The Greek games offered more than just sports: they also stimulated the international relations between the Greek cities.
Several months before the games started, the great panhellenic sanctuaries, such as Olympia and Delphi, sent ambassadors or 'theoroi' to all corners of the Greek world to announce the date of the games and to proclaim the sacred truce, which made the ambassadors inviolable. This way, they could travel safely and were welcomed in the home of a designated host in every city.
The Greek sport circuit grew during the Hellenistic period. Many new games were established, and other games were upgraded to a higher status, so that the victors would be entitled to rich rewards in their home town. This could only happen in cooperation with other cities, because these had to acknowledge the status of the new games. Otherwise, athletes might not be rewarded upon their return and would therefore prefer not to participate. For this purpose, the organizing cities would send out ambassadors as well.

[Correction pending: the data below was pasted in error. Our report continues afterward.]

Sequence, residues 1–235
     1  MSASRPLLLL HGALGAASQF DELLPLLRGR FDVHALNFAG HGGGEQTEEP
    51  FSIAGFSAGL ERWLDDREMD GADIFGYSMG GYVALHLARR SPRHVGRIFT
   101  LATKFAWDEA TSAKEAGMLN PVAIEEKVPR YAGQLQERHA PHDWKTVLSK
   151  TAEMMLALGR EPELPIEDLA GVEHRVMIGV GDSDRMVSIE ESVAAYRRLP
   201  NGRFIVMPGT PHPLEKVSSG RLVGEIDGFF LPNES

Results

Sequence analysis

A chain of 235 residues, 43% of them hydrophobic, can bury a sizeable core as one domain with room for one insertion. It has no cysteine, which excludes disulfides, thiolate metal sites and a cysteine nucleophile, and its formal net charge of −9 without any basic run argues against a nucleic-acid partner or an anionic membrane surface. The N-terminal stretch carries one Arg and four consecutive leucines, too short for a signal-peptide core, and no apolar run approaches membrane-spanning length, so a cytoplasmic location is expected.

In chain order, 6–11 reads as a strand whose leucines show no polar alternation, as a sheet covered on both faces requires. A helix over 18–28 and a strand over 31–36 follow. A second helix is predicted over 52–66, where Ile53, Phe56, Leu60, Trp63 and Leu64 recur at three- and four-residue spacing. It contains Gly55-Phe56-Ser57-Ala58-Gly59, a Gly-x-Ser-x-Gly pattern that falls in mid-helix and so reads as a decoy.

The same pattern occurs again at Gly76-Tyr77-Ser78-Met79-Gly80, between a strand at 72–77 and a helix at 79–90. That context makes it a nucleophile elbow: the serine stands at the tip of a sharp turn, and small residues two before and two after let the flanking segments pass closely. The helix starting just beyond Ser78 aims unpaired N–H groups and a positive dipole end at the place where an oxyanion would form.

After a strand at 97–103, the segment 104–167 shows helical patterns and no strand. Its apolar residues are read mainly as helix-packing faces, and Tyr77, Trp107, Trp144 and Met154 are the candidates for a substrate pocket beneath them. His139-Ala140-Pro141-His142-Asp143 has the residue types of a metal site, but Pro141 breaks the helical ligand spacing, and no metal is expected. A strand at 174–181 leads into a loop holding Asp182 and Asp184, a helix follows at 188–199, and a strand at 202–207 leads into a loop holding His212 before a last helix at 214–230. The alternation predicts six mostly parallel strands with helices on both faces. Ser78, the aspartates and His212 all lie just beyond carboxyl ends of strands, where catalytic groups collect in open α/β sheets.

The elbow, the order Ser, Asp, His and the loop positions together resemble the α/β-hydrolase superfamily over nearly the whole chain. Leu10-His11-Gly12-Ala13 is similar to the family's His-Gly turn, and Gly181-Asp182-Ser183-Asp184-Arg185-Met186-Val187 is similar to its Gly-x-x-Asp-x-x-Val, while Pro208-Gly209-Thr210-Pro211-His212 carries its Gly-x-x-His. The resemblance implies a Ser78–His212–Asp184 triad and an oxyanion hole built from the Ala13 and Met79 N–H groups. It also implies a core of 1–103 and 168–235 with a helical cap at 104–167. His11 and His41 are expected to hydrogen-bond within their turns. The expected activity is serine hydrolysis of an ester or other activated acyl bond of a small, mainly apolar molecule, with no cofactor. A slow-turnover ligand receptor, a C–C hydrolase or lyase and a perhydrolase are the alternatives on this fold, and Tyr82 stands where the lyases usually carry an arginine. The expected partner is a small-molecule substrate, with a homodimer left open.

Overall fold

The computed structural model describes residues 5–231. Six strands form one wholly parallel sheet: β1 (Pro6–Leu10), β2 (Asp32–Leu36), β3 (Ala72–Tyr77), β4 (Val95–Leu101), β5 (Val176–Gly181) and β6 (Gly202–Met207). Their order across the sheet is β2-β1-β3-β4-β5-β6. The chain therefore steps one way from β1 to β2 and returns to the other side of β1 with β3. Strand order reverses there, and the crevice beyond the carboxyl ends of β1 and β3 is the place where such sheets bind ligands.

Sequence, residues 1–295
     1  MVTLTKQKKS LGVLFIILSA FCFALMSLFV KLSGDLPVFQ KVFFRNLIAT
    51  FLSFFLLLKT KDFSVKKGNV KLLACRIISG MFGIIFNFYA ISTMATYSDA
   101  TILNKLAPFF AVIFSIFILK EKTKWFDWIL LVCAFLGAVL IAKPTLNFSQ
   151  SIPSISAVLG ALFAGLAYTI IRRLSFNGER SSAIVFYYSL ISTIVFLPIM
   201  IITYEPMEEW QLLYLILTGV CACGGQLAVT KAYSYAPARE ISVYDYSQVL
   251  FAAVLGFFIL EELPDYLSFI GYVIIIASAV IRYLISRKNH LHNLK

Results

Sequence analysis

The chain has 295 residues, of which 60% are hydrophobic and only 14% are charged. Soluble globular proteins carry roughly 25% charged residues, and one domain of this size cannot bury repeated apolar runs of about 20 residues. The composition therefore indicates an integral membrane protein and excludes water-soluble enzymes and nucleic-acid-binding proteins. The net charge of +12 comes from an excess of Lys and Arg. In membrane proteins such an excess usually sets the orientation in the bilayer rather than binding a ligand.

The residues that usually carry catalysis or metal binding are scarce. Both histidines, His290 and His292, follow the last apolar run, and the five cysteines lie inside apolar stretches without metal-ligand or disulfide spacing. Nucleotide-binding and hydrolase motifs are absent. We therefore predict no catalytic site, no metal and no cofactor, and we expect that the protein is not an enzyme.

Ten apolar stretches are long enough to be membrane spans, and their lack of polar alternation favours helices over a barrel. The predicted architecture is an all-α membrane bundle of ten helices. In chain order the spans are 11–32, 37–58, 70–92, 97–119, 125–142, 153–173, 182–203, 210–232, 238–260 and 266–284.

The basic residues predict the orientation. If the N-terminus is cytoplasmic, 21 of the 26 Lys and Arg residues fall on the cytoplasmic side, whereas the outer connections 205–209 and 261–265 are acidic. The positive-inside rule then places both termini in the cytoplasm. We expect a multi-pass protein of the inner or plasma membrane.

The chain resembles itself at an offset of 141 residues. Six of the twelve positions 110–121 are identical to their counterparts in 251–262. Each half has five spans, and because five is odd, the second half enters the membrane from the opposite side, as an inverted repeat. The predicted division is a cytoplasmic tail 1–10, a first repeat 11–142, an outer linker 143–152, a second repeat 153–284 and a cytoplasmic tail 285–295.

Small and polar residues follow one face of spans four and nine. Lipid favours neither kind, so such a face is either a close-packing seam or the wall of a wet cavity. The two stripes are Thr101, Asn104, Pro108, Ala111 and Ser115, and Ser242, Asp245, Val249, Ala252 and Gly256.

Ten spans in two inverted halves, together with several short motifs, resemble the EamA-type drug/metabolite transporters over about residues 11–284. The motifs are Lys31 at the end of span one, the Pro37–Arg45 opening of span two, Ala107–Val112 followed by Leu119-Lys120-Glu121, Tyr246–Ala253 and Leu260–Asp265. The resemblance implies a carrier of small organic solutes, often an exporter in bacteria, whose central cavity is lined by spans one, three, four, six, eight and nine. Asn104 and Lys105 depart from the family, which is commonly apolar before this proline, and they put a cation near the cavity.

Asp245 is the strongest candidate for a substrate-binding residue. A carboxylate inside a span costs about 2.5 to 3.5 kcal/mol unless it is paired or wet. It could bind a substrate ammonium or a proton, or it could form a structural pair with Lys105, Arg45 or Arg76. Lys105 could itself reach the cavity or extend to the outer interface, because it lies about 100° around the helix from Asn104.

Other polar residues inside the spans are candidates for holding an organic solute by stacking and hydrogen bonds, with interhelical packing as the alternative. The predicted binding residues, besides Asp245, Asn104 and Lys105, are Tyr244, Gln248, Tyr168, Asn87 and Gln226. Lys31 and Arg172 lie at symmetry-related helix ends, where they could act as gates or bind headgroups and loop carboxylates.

During the games, the organizing city received ambassadors, or representatives, from others cities, called 'theoroi' or 'observers' just like the other ambassadors. These men, who accompanied the athletes, acted as representatives of their home city and were received with due respect. They took part in the sacrifice during the festival and received an honorary seat in the stadion.
Through these ambassadors, the whole international elite was assembled at the major games. Consequently, the games offered opportunities for political propaganda. Especially the Isthmian games, taking place in an easily accessible sanctuary near the important city of Corinth, were an important political scene.